Peak hurricane season may be officially over, and Florida has had its fill this year.
But forecasters say a rare subtropical storm in December could be forming in the Atlantic Ocean for the first time in nearly a decade.
The National Hurricane Center issued a special tropical weather outlook Monday as a low-pressure system is “producing disorganized showers and thunderstorms” along the central Atlantic Ocean.
As of 8:45 a.m, ET, the system is located about 800 miles northeast of the northern Leeward Islands of the Caribbean.
According to the NHC, by Thursday night or Friday, the low will move northeastward over cooler waters and interact with a mid-latitude trough, limiting subtropical or tropical development of the system.
What does this all mean?
Possibly an organized tropical depression or a subtropical storm, which according to the National Weather Service “typically has a large, cloud-free center of circulation, with very heavy thunderstorm activity in a band removed at least 100 miles from the center” and could also bring strong winds.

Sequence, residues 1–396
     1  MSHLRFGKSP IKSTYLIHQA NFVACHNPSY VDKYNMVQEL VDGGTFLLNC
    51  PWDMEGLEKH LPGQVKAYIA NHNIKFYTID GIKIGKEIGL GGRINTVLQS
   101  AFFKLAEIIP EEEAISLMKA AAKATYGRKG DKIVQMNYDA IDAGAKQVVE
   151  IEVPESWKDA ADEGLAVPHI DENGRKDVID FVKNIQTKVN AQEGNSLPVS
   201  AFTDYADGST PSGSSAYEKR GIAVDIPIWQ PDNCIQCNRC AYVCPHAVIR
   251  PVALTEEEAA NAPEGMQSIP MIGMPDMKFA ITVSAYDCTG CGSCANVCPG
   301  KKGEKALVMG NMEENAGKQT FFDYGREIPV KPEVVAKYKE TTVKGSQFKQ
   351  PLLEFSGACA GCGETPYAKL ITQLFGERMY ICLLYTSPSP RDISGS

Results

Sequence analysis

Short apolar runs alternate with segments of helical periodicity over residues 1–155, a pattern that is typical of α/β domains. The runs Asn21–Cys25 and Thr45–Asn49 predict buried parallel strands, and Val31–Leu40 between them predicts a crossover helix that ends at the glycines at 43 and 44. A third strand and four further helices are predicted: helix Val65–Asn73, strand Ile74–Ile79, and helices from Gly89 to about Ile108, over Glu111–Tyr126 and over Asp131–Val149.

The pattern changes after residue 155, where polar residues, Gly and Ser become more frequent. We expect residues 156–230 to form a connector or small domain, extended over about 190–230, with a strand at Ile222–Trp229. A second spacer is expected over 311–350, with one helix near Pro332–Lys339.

“This tropical system is expected to be large, spanning hundreds of miles. As a result, wind and rough seas can extend well away from the center of the storm,” said AccuWeather senior meteorologist Adam Douty.
The potential arrival of Owen, the next name on the list, comes after the Atlantic had just gotten over Hurricane Nicole, a late deadly storm that became a Category I and led to evacuation orders along Florida’s east coast, in November.
The gulf coast of Florida is still recovering from the devastating impacts of Hurricane Ian, which made landfall on September 28, 2022. Landfall occurred along the southwestern coast of Florida near Cayo Costa around 3:05 pm EDT with winds near 150 mph, making Ian a high-end Category 4 hurricane.
On Monday, Governor Ron DeSantis and First Lady Casey DeSantis were joined by Florida Division of Emergency Management (FDEM) Director Kevin Guthrie to announce that up to $25 million in state funding to purchase building materials and up to $35.2 million in generous donations to the Florida Disaster Fund will be used to allow verified nonprofit organizations to conduct critical temporary repairs on homes damaged by Hurricane Ian.
Funds from the Florida Disaster Fund will also address unmet needs such as transportation, food assistance, housing aid, clothing, and household goods.